FL MORRIS / FMORRIS@STARBULLETIN.COM
Kekuni Blaisdell, left, and George Kahumoku Flores were on hand yesterday at the state Capitol auditorium to oppose the Akaka Bill during a meeting of the state advisory committee to the federal Civil Rights Commission.
D.C. team slams civil rights panel
Hawaii's delegates to Congress decry the composition of the advisory committee
Hawaii's four-person congressional delegation is joining a growing protest over the composition of a Republican-appointed federal committee for Hawaii on civil rights.
The committee held a public briefing at the state Capitol auditorium yesterday on the so-called Akaka Bill, a bill in Congress to recognize a native Hawaiian governmental entity.
The bill has been stalled by Republican opponents in the U.S. Senate.
Yesterday, supporters of the bill made public a letter from the congressional delegation to the U.S. Civil Rights Commission, protesting the composition of the Hawaii committee, which includes several vocal opponents of the Akaka Bill.
"It would almost appear that the commission has its own agenda and its own timetable," the congressional delegation wrote.
No members of the Hawaii congressional delegation appeared at yesterday's hearing.
Haunani Apoliona, chairwoman of the Office of Hawaiian Affairs, said the U.S. Commission on Civil Rights has misused its powers by stacking the local committee with opponents to the native Hawaiian recognition bill.
In the public briefing, Apoliona said she "was appalled" by the number of people against the Hawaiian recognition bill on the committee.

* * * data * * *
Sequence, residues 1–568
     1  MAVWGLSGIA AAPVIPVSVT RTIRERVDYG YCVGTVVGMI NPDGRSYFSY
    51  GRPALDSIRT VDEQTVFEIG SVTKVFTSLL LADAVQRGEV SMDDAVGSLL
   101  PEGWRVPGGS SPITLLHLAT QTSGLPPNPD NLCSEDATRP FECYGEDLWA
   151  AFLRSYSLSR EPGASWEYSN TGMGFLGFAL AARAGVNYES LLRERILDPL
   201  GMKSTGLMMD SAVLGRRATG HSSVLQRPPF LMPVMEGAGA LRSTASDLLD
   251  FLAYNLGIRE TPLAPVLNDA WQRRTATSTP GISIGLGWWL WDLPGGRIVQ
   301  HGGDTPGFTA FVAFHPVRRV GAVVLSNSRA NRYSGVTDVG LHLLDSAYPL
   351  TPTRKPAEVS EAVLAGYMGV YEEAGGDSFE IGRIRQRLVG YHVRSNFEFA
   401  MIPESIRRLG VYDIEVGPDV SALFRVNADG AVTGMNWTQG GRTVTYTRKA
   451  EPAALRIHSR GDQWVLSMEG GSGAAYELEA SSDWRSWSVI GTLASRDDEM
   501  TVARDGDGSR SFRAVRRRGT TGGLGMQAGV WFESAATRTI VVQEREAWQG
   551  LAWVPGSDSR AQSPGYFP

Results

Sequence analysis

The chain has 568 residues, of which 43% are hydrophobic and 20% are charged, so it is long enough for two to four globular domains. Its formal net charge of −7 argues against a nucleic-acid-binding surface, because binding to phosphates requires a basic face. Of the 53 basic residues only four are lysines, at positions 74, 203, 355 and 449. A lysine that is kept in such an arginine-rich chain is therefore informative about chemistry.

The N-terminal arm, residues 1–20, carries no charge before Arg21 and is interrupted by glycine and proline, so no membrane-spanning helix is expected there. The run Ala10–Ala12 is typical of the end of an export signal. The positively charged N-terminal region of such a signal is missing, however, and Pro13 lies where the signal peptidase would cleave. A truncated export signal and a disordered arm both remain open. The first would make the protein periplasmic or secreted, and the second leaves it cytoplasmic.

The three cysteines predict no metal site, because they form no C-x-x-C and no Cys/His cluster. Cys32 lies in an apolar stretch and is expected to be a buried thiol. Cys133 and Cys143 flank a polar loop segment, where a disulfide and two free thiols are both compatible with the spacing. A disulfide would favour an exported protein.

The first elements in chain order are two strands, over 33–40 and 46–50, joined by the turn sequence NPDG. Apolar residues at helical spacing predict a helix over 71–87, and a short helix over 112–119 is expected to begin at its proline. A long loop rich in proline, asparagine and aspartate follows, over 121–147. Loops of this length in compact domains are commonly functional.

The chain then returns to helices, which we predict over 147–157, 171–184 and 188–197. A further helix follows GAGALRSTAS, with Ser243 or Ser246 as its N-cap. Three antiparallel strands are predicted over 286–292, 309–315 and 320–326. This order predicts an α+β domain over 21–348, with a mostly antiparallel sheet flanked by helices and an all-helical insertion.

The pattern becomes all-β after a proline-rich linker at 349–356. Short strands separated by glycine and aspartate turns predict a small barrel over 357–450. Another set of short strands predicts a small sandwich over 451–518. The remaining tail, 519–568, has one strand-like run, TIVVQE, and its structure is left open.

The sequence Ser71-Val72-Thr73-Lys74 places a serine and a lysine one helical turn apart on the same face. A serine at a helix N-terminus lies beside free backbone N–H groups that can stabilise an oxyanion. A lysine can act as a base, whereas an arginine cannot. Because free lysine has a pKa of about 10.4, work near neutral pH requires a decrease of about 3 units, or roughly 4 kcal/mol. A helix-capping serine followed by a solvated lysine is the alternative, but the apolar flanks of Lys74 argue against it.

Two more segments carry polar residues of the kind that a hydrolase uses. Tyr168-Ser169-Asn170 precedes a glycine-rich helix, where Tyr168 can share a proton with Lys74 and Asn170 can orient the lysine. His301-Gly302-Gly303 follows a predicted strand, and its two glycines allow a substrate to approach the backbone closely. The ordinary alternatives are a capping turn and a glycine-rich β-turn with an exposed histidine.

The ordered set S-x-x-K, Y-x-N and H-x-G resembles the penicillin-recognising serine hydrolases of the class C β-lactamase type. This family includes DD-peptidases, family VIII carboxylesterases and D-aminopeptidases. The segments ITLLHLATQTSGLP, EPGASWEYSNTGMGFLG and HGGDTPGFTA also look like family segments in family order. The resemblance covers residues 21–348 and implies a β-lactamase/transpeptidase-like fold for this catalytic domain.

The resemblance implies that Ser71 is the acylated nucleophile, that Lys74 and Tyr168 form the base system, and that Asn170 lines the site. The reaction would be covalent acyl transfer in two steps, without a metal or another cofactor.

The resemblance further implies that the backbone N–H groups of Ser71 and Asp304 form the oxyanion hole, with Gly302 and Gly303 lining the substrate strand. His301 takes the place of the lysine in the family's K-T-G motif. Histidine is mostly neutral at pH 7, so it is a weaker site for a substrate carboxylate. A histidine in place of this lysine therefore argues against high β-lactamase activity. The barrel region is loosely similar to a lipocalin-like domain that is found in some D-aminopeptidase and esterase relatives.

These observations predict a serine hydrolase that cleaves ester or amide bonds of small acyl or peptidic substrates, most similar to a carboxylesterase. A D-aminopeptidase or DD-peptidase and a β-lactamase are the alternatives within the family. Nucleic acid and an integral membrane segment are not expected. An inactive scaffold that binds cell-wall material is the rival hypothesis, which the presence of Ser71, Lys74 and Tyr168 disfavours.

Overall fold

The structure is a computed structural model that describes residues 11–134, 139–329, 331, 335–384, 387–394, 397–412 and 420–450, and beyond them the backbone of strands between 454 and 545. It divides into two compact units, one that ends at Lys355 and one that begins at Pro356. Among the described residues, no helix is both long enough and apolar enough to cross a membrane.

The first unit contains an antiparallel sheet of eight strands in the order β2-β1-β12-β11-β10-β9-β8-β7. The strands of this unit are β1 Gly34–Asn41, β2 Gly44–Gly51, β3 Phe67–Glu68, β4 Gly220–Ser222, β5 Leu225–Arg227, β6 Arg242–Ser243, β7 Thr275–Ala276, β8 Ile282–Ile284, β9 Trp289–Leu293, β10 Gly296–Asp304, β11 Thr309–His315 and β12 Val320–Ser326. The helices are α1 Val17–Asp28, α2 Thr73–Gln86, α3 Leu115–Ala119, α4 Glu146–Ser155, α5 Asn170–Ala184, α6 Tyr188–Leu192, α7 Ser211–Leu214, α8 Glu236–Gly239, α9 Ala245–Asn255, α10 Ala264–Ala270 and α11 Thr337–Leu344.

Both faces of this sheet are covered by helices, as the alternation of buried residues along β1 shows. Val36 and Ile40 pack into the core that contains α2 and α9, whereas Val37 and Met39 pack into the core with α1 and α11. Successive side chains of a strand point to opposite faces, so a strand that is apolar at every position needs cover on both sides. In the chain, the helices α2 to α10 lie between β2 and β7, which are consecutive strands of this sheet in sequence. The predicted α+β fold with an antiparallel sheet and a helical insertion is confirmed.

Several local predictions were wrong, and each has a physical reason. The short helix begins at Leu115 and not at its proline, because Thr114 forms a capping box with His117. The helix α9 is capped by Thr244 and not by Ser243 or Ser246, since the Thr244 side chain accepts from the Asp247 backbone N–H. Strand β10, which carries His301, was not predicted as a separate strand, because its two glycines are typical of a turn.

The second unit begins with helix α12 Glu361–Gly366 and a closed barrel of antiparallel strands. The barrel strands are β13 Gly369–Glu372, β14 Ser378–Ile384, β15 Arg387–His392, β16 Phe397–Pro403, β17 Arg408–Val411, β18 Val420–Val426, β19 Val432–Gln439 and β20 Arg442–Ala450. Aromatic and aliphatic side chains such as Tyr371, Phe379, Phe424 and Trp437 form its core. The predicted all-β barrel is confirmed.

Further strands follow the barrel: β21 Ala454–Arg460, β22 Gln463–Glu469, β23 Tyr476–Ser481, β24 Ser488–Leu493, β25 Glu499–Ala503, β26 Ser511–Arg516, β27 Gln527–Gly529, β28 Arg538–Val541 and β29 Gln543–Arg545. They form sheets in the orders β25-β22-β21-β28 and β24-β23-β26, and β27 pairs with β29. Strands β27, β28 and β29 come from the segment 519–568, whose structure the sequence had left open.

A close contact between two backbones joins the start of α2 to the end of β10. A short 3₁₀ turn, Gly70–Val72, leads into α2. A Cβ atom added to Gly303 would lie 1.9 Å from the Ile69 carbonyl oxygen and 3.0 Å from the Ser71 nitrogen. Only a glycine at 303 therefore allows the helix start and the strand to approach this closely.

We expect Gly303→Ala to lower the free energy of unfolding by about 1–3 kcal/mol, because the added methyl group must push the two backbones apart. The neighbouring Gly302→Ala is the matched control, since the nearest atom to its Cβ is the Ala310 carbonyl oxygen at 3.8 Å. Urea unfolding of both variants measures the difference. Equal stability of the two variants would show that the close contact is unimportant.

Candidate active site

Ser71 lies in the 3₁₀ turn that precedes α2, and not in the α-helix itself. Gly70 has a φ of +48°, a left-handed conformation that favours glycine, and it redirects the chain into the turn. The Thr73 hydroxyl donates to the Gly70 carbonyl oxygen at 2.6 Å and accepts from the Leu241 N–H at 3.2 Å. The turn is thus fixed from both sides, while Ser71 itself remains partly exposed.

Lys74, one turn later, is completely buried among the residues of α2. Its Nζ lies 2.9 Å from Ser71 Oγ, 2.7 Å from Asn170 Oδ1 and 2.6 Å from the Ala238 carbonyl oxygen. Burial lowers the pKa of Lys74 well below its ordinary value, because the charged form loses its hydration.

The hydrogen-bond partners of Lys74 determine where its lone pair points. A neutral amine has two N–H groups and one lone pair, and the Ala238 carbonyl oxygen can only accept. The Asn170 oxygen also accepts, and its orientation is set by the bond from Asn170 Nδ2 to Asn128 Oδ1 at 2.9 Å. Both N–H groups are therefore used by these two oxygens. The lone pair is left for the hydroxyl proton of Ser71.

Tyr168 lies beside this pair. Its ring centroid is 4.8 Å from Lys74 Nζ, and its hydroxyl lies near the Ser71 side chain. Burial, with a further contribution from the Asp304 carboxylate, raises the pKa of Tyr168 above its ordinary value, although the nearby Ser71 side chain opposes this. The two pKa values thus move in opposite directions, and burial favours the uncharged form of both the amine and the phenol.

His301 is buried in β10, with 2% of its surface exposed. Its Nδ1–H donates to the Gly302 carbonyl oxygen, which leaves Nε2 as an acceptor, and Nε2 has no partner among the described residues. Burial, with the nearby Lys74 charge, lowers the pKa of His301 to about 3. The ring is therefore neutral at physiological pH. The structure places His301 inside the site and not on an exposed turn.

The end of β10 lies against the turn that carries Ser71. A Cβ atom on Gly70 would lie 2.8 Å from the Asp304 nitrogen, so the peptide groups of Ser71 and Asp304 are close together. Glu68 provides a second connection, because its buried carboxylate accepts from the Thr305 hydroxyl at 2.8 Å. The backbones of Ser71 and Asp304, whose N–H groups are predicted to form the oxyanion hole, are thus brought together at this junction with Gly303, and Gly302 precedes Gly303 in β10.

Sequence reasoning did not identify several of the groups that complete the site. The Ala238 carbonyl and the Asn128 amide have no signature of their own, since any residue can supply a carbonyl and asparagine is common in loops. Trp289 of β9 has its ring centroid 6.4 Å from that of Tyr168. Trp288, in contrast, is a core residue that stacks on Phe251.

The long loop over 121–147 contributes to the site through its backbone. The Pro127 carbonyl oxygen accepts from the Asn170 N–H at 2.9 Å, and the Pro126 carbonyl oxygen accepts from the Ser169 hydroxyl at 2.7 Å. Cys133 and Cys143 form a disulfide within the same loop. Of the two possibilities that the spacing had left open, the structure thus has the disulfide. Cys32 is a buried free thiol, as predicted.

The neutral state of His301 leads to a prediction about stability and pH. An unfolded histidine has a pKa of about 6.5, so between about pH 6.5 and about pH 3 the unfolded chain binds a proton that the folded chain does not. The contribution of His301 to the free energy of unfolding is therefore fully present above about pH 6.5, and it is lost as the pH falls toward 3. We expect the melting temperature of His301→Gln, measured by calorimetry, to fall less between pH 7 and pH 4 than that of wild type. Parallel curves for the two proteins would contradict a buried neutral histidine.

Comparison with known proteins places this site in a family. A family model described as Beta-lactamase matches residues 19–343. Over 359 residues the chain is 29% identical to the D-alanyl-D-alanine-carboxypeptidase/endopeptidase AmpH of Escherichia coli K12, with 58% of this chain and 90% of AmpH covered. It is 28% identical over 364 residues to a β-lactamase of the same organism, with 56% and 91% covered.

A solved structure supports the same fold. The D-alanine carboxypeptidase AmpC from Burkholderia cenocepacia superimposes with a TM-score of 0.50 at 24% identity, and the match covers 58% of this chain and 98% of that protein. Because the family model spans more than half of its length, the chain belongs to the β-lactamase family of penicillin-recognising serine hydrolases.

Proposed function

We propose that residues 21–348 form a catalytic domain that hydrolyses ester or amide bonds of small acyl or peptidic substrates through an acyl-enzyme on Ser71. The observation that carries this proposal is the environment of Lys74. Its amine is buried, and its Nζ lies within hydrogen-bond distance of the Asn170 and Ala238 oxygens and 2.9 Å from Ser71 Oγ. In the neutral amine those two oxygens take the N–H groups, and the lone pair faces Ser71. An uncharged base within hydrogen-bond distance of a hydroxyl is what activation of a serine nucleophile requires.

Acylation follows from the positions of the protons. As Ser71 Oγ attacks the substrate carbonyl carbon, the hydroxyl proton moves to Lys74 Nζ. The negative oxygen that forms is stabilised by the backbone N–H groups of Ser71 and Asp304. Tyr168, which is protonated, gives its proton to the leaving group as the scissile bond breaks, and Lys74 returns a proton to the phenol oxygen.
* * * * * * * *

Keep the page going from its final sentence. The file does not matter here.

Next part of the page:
Nine of the 17 members are on record as opposing the so-called Akaka Bill, Apoliona said.
The federal commission is shaping the local committee "to further promote a biased agenda against the aboriginal, indigenous, native people of Hawaii by aiding and abetting litigants who seek to end native Hawaiian programs," Apoliona said to a crowd of about 250.
One of the newly appointed members of the commission is William Burgess, a private attorney who, along with his wife, has sued the state and OHA, saying they had been denied equal benefits because of programs for native Hawaiians.
Burgess said his views are well known, and he thinks it helps the commission to have people with different views.
"She seems to be saying she doesn't like people who disagree with her to be on the commission," Burgess said of Apoliona. "We are not by any means stacked. There are 17 members, and some feel they have a different point of view."
Asked whether he thought he was put on the committee because of his view against the Akaka Bill, Burgess said, "Probably."
"I testified before them, so I assume it would have something to do with it," he said.
Committee Chairman Mike Lilly, former Hawaii attorney general, said the committee would have another hearing on Oahu on Sept. 12.
He added that he was not sure the committee would offer up a position on the Akaka Bill, but said that any decisions made by the Hawaii committee members would not be a mandate to the federal Civil Rights Commission.
The previous local committee, which had more Democrats on it, had supported the Akaka Bill, although the federal commission opposed it last year.